Further illustrating how the term “convention of states” is merely a lobbyist-created talking point to make a Con-Con more appealing to state legislators, Gomez noted how Meckler himself had called for “single-subject constitutional conventions” in his 2012 book Tea Party Patriots and how he co-hosted the “Conference on the Constitutional Convention” with left-wing law professor Lawrence Lessig.

Having refuted the Con-Con peddlers, Gomez used his testimony to note Article V’s purpose of fixing potential defects in the Constitution, rather than to limit the federal government. He further noted that an Article V convention would be more likely to increase and entrench an expansive federal government through poorly-worded amendments, amendments that blatantly increase the size and power federal government, or a new constitution altogether. The current problems with the federal government, Gomez argued, stem from a disregard of the Constitution rather than problems with the document.

In the limited time he had to testify (more on that later), this writer emphasized Supreme Court Justice Scalia’s warning that “This is not a good century to write a constitution,” and how the Left would take advantage of any Article V convention to advance a far-left agenda in line with international norms.

Furious Felzkowski

Committee hearings are intended for legislators to examine arguments for and against proposed legislation prior to making a decision. However, Senator Mary Felzkowski (R-Irma) showed her cards — and bias — early. This was not surprising, considering her sponsorship of both the COS and term-limits resolutions — ironically, she is currently serving her fifth term in the legislature.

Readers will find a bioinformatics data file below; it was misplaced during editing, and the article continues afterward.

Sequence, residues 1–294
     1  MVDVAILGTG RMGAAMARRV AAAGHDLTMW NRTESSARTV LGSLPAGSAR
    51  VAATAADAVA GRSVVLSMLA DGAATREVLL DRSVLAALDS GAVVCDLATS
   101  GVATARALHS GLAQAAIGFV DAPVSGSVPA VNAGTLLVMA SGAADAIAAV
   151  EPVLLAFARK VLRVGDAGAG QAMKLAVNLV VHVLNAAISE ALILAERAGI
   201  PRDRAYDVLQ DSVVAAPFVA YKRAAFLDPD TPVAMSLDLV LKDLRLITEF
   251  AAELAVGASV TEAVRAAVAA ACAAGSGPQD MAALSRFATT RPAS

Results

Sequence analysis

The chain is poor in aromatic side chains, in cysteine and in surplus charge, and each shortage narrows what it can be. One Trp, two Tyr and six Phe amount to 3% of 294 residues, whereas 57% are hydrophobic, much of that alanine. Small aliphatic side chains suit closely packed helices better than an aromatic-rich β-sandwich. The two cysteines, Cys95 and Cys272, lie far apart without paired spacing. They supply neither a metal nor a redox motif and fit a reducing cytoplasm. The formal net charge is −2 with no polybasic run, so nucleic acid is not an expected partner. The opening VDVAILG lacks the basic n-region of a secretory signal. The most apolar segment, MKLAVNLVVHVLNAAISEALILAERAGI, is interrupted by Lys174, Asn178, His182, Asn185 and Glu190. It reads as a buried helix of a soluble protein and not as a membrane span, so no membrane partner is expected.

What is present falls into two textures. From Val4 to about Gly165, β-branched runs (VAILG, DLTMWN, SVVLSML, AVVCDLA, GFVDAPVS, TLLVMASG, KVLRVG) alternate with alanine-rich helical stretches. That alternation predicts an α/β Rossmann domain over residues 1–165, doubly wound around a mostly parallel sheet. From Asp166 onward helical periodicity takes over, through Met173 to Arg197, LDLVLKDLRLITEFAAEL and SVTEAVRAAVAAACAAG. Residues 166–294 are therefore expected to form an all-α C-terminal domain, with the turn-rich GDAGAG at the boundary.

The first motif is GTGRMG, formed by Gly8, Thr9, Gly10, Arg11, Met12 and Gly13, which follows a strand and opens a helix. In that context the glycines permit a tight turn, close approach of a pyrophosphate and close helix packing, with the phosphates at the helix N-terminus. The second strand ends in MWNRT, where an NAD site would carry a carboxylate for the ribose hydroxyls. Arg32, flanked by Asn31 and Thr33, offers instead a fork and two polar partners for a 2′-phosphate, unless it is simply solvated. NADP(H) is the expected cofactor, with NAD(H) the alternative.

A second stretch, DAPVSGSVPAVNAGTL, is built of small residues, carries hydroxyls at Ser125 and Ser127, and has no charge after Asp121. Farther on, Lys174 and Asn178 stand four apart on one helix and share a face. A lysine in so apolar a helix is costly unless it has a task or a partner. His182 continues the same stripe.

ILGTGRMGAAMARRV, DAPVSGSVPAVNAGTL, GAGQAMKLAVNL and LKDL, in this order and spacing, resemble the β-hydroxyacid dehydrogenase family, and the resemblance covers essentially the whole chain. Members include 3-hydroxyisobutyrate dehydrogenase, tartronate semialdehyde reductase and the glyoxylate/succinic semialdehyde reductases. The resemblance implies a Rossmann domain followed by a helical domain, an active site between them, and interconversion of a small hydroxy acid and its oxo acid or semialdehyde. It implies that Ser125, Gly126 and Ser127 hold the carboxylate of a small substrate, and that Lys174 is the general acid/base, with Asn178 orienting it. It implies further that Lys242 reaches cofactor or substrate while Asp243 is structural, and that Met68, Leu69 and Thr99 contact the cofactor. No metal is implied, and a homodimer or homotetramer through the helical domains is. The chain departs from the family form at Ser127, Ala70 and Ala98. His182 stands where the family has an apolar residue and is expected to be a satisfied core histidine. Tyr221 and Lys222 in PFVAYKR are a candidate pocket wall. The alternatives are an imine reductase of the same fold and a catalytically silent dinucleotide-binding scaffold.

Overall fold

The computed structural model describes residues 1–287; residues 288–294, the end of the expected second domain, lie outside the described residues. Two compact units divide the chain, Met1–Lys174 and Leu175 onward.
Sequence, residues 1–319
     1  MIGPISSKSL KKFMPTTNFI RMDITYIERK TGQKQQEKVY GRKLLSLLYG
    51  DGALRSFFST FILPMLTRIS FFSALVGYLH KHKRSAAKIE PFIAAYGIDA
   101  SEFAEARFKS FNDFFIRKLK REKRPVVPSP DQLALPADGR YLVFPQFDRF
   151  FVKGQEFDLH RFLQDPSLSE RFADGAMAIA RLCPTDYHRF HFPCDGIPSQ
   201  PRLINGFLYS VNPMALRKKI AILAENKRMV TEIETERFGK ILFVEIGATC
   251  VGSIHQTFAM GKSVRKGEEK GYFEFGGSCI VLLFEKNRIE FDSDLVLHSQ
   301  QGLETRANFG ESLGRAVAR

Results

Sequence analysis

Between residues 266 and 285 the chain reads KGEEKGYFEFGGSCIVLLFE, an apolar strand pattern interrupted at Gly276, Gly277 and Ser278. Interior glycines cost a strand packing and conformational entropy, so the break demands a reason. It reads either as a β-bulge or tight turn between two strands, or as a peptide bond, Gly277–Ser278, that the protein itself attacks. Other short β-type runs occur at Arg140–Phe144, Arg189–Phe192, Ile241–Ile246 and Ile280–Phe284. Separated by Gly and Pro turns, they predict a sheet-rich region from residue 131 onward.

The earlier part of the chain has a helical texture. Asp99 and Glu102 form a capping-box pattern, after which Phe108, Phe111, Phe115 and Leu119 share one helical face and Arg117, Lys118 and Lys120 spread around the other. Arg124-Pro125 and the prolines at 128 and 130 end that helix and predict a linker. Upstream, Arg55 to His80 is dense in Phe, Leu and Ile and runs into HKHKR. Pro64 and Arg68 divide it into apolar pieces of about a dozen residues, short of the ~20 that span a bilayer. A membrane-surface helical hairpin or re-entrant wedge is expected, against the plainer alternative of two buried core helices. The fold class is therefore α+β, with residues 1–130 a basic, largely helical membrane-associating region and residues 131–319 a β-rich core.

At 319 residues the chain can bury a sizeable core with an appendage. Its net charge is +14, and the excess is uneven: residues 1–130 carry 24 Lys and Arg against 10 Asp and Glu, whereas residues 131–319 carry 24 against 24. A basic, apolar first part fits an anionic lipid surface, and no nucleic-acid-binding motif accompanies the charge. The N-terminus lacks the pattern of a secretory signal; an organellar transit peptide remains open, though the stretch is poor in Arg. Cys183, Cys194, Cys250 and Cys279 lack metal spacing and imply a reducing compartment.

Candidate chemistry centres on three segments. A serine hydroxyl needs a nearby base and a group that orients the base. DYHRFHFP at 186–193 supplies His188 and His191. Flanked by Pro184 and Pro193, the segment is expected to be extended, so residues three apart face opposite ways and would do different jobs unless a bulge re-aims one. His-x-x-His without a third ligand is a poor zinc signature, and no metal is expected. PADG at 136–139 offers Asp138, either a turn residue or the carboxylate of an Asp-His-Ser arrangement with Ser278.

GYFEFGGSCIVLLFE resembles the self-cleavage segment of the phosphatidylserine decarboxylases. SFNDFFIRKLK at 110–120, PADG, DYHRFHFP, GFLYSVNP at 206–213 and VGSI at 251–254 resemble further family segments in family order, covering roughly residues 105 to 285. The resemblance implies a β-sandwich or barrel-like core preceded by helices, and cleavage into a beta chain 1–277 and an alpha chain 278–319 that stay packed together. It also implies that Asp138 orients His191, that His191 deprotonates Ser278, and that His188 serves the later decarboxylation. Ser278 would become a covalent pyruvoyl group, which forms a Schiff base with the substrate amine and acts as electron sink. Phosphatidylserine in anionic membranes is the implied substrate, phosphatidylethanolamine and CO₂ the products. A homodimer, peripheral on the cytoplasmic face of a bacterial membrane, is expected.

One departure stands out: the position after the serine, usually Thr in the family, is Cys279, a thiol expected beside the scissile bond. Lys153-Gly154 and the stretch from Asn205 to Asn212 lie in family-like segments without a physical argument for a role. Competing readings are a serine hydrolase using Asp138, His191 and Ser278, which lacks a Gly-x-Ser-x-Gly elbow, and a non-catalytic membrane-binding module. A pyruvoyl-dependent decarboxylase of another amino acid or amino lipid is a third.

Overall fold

After asking Gomez his solution to federal overreach in lieu of an Article V convention — to which he aptly responded by pointing out officials’ duty under Article VI to nullify unconstitutional laws, and how it is an immediate solution as opposed to the Article V process that often lasts decades — Felzkowski began attacking his position.

The five-term legislator claimed that nullification would be ineffective at reining in federal spending such as the $1.9 trillion spending, to which Gomez noted the importance of educating citizens to vote out fiscally irresponsible members of Congress, and also the ineffectiveness of most balanced-budget amendments. In fact, states can help rein in federal spending — 80 percent of which is unconstitutional — by abolishing the Federal Reserve and by passing a State Sovereignty and Federal Tax Funds Act.

Unsatisfied, Felzkowski accused Gomez of basing his arguments on the dangers of a Con-Con on hypotheticals — despite the other side relying far more on untested hypotheticals. She ended her tirade by claiming Gomez was “only including parts of the information” — as if the other side does not do this — and that “it’s very hard to take what you’re saying seriously.” Notwithstanding the irony, it is unfortunate that a legislator used the hearing to be an advocate rather than an observer.